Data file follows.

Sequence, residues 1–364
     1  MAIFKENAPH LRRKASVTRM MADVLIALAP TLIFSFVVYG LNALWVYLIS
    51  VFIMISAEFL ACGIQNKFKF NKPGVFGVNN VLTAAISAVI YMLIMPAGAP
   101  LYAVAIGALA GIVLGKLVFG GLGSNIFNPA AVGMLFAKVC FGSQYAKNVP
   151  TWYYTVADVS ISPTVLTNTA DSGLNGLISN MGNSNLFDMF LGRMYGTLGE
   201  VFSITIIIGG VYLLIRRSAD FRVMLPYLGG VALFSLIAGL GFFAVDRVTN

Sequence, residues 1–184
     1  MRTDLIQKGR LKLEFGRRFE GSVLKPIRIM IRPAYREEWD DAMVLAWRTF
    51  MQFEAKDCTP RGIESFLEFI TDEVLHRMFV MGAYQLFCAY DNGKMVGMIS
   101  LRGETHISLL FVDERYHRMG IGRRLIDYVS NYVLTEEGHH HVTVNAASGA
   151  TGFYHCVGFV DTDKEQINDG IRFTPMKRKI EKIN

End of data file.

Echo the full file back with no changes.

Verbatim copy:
Sequence, residues 1–364
     1  MAIFKENAPH LRRKASVTRM MADVLIALAP TLIFSFVVYG LNALWVYLIS
    51  VFIMISAEFL ACGIQNKFKF NKPGVFGVNN VLTAAISAVI YMLIMPAGAP
   101  LYAVAIGALA GIVLGKLVFG GLGSNIFNPA AVGMLFAKVC FGSQYAKNVP
   151  TWYYTVADVS ISPTVLTNTA DSGLNGLISN MGNSNLFDMF LGRMYGTLGE
   201  VFSITIIIGG VYLLIRRSAD FRVMLPYLGG VALFSLIAGL GFFAVDRVTN

Sequence, residues 1–184
     1  MRTDLIQKGR LKLEFGRRFE GSVLKPIRIM IRPAYREEWD DAMVLAWRTF
    51  MQFEAKDCTP RGIESFLEFI TDEVLHRMFV MGAYQLFCAY DNGKMVGMIS
   101  LRGETHISLL FVDERYHRMG IGRRLIDYVS NYVLTEEGHH HVTVNAASGA
   151  TGFYHCVGFV DTDKEQINDG IRFTPMKRKI EKIN